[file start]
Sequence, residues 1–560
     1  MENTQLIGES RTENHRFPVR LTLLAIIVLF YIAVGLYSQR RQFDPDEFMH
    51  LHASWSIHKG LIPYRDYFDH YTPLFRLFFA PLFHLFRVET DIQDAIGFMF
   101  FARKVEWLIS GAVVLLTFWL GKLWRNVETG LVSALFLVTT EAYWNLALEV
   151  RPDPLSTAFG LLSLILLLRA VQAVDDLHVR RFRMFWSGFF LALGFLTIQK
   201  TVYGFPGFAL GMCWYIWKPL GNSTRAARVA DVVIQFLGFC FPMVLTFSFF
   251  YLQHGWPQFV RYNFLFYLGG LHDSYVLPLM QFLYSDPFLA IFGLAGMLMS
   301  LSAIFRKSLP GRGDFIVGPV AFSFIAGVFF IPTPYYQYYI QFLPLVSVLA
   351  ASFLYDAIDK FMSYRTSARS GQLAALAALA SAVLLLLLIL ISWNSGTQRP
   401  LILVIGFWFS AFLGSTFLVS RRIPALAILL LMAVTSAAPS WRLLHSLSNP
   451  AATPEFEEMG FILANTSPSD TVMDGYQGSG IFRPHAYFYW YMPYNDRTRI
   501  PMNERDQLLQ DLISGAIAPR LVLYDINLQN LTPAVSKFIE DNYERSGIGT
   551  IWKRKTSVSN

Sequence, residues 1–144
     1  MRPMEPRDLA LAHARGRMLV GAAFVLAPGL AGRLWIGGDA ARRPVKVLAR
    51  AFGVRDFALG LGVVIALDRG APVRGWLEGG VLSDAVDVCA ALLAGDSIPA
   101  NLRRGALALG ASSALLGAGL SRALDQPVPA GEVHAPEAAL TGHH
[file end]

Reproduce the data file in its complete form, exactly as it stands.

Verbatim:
Sequence, residues 1–560
     1  MENTQLIGES RTENHRFPVR LTLLAIIVLF YIAVGLYSQR RQFDPDEFMH
    51  LHASWSIHKG LIPYRDYFDH YTPLFRLFFA PLFHLFRVET DIQDAIGFMF
   101  FARKVEWLIS GAVVLLTFWL GKLWRNVETG LVSALFLVTT EAYWNLALEV
   151  RPDPLSTAFG LLSLILLLRA VQAVDDLHVR RFRMFWSGFF LALGFLTIQK
   201  TVYGFPGFAL GMCWYIWKPL GNSTRAARVA DVVIQFLGFC FPMVLTFSFF
   251  YLQHGWPQFV RYNFLFYLGG LHDSYVLPLM QFLYSDPFLA IFGLAGMLMS
   301  LSAIFRKSLP GRGDFIVGPV AFSFIAGVFF IPTPYYQYYI QFLPLVSVLA
   351  ASFLYDAIDK FMSYRTSARS GQLAALAALA SAVLLLLLIL ISWNSGTQRP
   401  LILVIGFWFS AFLGSTFLVS RRIPALAILL LMAVTSAAPS WRLLHSLSNP
   451  AATPEFEEMG FILANTSPSD TVMDGYQGSG IFRPHAYFYW YMPYNDRTRI
   501  PMNERDQLLQ DLISGAIAPR LVLYDINLQN LTPAVSKFIE DNYERSGIGT
   551  IWKRKTSVSN

Sequence, residues 1–144
     1  MRPMEPRDLA LAHARGRMLV GAAFVLAPGL AGRLWIGGDA ARRPVKVLAR
    51  AFGVRDFALG LGVVIALDRG APVRGWLEGG VLSDAVDVCA ALLAGDSIPA
   101  NLRRGALALG ASSALLGAGL SRALDQPVPA GEVHAPEAAL TGHH